An issue that keeps coming up in marriage equality discussions is referred to in this blog comment:
I have some concern that the Churches who disagree with gay marriage will be forced to perform marriages under the Human Rights Act. I do not consider this legislation should force churches into a position that is contrary to their beliefs and hopefully this is addressed.
Louisa Wall addressed this in her speech introducing the bill in parliament last night:
What my bill does not do is require any person or church to carry out a marriage if it does not fit with the beliefs of the celebrant or the religious interpretation a church has. Section 29 remains in place and makes it clear that once a marriage licence is obtained by a couple, it does not oblige a minister or celebrant to marry that couple. That is the situation now and nothing will change.
So it will be no different to how things are now.
I think this is a very unlikely scenario. To become an issue it would take several things to happen:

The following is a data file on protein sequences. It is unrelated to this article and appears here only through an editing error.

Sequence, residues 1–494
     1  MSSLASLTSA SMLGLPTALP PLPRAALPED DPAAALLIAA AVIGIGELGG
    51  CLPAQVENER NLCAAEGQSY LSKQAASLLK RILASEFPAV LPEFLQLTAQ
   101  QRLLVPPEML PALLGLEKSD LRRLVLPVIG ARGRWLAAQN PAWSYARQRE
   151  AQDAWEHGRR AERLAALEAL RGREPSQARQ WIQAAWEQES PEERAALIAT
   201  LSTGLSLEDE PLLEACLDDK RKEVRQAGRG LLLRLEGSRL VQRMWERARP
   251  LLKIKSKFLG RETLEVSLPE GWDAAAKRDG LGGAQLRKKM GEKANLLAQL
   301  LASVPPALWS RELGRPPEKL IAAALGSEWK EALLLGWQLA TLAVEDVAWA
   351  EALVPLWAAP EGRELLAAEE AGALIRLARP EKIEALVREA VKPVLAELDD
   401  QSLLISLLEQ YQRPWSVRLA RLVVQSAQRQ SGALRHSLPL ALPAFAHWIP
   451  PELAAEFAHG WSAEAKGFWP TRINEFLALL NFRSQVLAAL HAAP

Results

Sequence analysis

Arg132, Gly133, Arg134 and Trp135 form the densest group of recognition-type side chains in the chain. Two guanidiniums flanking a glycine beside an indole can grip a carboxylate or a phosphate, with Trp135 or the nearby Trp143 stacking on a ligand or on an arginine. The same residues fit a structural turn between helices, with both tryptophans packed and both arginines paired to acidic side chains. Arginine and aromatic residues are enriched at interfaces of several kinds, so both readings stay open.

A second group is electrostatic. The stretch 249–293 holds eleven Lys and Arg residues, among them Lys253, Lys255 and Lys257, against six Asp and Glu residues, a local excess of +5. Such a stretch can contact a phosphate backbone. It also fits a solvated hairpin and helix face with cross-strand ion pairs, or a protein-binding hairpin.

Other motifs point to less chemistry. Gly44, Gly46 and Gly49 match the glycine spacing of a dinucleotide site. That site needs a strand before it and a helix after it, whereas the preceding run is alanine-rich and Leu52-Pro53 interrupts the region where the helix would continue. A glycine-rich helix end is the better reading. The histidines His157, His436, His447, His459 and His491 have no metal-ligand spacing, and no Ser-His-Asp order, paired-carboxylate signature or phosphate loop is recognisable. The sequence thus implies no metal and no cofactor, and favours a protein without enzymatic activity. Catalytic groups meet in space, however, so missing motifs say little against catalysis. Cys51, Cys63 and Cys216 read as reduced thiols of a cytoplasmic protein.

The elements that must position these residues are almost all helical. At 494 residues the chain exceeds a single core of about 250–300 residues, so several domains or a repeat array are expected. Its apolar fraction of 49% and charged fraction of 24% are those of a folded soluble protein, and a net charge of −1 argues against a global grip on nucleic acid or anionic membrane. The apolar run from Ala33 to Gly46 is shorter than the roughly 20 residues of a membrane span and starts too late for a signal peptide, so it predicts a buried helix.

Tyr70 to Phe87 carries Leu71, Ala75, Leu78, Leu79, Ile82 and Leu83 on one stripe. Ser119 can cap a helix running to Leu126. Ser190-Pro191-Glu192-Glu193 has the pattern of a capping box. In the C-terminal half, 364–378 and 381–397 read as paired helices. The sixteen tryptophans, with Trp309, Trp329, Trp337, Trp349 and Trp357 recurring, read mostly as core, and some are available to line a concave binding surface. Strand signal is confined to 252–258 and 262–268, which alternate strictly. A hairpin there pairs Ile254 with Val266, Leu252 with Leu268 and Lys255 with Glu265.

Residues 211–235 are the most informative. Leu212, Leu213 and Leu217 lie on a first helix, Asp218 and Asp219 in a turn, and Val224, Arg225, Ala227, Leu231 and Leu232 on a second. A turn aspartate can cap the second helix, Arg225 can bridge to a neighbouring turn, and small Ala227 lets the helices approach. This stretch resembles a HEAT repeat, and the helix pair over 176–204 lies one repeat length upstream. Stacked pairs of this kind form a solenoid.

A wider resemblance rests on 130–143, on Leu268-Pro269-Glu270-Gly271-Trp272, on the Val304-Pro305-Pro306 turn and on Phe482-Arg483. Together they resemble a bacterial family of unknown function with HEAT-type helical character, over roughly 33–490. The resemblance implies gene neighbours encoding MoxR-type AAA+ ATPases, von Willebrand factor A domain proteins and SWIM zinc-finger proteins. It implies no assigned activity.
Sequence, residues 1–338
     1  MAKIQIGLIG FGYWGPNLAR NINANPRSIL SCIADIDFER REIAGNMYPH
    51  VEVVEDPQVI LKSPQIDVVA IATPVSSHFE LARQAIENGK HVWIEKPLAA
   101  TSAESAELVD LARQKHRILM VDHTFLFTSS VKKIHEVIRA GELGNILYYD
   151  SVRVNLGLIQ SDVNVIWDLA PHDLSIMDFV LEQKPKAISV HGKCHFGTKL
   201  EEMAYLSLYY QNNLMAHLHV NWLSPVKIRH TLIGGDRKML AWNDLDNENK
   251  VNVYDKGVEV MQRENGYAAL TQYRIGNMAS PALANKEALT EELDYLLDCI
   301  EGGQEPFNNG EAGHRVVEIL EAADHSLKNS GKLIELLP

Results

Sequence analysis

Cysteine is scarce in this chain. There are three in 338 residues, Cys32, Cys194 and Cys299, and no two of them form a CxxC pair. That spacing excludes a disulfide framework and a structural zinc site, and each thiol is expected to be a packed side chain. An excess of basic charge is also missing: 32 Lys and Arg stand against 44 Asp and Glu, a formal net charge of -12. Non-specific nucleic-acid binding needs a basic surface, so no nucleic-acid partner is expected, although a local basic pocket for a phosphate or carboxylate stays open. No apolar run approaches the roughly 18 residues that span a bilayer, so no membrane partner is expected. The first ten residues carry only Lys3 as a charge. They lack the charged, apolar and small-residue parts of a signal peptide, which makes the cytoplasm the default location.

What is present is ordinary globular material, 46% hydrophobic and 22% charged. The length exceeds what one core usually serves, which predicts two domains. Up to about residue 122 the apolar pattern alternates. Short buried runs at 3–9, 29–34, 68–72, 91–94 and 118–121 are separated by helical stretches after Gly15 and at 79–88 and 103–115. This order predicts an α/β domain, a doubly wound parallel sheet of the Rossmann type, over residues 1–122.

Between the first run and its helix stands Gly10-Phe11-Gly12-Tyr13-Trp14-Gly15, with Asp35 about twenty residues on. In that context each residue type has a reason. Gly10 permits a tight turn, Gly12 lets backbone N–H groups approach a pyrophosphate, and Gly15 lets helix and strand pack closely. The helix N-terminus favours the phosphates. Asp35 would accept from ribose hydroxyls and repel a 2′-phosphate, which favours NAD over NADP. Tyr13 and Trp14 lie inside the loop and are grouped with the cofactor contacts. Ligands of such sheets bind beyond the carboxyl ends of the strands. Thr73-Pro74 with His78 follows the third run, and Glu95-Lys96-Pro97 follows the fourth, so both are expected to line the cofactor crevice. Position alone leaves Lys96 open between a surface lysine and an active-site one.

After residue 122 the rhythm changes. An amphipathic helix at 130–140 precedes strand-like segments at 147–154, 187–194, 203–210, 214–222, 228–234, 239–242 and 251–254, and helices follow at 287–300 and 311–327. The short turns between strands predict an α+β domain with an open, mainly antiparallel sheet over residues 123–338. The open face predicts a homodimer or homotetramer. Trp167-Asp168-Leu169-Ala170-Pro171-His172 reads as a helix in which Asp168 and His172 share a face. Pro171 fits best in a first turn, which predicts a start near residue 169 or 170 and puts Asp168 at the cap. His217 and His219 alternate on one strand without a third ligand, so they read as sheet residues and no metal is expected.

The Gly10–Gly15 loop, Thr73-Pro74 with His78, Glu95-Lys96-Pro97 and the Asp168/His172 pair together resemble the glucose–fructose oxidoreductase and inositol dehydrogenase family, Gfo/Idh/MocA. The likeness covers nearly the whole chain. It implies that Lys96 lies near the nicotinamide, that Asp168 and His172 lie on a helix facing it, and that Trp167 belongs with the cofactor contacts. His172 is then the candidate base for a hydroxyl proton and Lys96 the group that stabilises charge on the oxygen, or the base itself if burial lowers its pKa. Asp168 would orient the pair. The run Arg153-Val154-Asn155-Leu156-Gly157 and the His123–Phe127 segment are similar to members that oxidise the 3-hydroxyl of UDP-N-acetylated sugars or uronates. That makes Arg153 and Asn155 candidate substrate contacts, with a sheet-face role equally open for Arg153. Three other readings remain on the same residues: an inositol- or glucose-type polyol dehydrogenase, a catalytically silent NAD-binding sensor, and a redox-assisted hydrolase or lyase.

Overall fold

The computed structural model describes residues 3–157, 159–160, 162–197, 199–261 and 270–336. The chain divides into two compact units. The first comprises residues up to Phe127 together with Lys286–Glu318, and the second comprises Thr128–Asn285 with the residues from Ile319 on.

- A gay couple would have to ask a minister/priest to marry them knowing it mightn’t be well received.
- The minister/priest would have to refuse and cite reasons that could be actioned under the Human Rights Act.
- The couple would then have to decide to take some action against the minister/priest.
What is far more likely to happen:
- The gay couple will find which celebrant/minister/priest is likely to be appropriate.
- If the celebrant/minister/priest doesn’t want to marry them they will just say that they can’t do it.
- If the couple are turned down they will find someone appropriate and willing to marry them.
Of course a gay couple couod deliberately choose to ask a celebrant/minister/priest who is unlikely to be comfortable marrying them, the celebrant/minister/priest could say they won’t do it becasue they are gay, and the gay couple could then take action under the Human Rights Act.
But this is very unlikely – and no more likely than a non-gay couple taking action now. Does it ever happen? I haven’t heard of it.